Ashley Lennie was a teenager when she found out the name on her birth certificate, Inglangasuk, was a different surname than the one she has used her entire life.
“I always thought I was a Lennie until I got my first paycheque,” said Lennie.
“It was kind of a shock to me and I couldn’t handle it, so as soon as I was old enough and able, I changed my name back to what I was used to and what I was comfortable with, with no disrespect to my cultural name.”
Lennie completed the change in 2015. It cost her between $400 and $500 and took a year to replace all of her documents.
The N.W.T. began waiving fees for Indigenous people who want to reclaim their names since October 2018. In total, 29 people have used this option since then.
Changing your name is a matter of personal choice, said Lennie, adding that it’s important for the service to be free because of historical confusion.
The descendants of Lennie’s great-grandfather have surnames that go two ways — some took his first name while others assumed his last.
“The reason we’re all Lennies is because our great-grandfather was Lennie Inglangasuk,” she said.
When her great-grandfather registered his family with the Canadian government, he didn’t have much of a choice, said Lennie.
“The government said here’s your dog tag numbers, here’s your tags and by the way your new last name is the first name of yourself,” she said.
Offering the name changes at no cost is a way for the government to give back what it took away, said Lennie.
Fees waived until 2023
In October 2018, in response to the Truth and Reconciliation Commission Calls to Action, the territory waived fees for certain name changes so survivors could reclaim names affected by the residential school system, and correct historical errors recorded on N.W.T. birth certificates. People can apply until October 2023.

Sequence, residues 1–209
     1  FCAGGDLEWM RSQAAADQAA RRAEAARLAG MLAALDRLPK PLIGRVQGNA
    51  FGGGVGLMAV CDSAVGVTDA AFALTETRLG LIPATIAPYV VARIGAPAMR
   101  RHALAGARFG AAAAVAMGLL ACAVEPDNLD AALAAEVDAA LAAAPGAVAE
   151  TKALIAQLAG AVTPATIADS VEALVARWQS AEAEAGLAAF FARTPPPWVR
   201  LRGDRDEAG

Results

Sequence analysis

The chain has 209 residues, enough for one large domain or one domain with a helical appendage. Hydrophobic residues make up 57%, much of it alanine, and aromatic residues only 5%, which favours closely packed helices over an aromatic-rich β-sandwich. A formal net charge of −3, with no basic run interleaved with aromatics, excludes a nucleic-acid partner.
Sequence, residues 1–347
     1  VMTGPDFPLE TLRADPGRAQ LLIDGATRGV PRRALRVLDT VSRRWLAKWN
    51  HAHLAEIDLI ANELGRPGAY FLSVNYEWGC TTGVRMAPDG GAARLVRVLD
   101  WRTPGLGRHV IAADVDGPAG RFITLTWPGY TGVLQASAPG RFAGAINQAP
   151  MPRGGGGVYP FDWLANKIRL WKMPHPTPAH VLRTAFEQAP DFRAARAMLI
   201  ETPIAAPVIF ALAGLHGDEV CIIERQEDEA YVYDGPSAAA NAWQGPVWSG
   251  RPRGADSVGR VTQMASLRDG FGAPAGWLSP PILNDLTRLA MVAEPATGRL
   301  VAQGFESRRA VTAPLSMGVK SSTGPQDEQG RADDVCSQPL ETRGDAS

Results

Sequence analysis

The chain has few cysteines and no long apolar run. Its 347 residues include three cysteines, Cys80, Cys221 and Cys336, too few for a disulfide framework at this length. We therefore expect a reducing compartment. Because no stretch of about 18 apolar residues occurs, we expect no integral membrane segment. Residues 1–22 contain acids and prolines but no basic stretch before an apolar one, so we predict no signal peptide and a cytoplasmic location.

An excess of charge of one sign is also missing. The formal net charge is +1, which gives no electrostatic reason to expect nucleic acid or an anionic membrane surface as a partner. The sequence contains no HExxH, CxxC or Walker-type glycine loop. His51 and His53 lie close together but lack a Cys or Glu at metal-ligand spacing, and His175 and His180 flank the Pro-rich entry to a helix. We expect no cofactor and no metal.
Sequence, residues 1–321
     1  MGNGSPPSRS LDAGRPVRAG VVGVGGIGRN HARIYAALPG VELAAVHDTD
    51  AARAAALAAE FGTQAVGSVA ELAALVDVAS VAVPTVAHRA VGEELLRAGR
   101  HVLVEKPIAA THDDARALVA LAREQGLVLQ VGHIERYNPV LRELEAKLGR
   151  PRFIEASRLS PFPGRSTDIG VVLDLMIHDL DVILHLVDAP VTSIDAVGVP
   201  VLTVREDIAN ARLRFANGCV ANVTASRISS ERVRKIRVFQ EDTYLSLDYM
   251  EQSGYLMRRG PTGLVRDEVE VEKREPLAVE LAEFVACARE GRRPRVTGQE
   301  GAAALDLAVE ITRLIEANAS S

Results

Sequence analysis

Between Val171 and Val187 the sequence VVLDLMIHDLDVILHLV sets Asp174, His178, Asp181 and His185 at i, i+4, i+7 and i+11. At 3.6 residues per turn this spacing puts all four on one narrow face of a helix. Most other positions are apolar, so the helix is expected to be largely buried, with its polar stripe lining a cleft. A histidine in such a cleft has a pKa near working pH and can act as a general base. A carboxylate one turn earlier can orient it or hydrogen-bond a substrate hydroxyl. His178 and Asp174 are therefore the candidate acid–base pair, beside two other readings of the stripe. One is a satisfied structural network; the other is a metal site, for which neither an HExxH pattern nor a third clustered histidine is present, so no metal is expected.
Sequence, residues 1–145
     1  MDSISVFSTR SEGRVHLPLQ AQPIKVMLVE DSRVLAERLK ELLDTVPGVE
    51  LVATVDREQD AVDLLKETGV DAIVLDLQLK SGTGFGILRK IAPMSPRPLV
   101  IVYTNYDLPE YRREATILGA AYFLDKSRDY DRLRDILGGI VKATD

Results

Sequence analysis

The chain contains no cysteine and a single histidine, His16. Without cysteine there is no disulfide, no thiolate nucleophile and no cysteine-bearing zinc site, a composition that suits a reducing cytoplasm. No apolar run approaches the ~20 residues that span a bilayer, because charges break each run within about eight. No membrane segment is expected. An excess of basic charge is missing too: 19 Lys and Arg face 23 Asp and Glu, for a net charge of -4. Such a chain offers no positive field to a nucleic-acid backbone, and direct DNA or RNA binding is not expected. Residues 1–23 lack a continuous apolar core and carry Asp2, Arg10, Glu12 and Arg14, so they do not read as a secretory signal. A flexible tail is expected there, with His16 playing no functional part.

The criteria for the N.W.T. waiver doesn’t apply to people born outside of the territory.
Ontario and Nova Scotia also waive name-change fees for Indigenous name reclamation. Ontario introduced its policy in January 2017, and 17 people have taken advantage of it to date, said Harry Malhi, a spokesperson with Ontario’s health department.
Nine residential school survivors and family of survivors applied to reclaim their names. Eight Indigenous people applied to change their name to a traditional one, said Malhi.
In Lennie’s case, she said she felt it was important to honour her connection to her grandmother, Margaret Lennie, and her late-grandfather Sam Lennie.
“Even though Inglangasuk is his name, he was known as Sam Lennie. Margaret, his wife, is just as respected as he is so I wanted to identify as closely to them as I can.”
Upholding a family name is something that her grandparents value, she said.
“We were always taught to hold yourself with pride.”
Have you reclaimed or considered reclaiming an Indigenous name? Contact Avery at email@example.com.
Related stories from around the North:
Canada: Canadian PM stresses relationship with Indigenous peoples in mandate letters to new government ministers, Eye on the Arctic
Finland: Sámi reconciliation process gains final approval in Finland, Yle News
Norway: Political support for Norwegian Truth and Reconciliation Commission, The Independent Barents Observer
Russia: Russia removes critical voices ahead of Arctic Council chairmanship, claims Indigenous peoples expert, The Independent Barents Observer
Sweden: Twenty-five Indigenous Sami remains returned by museum are reburied in northern Sweden, Radio Sweden
United States: US Senate passes bill with funds for missing and murdered Indigenous women, Alaska Public Media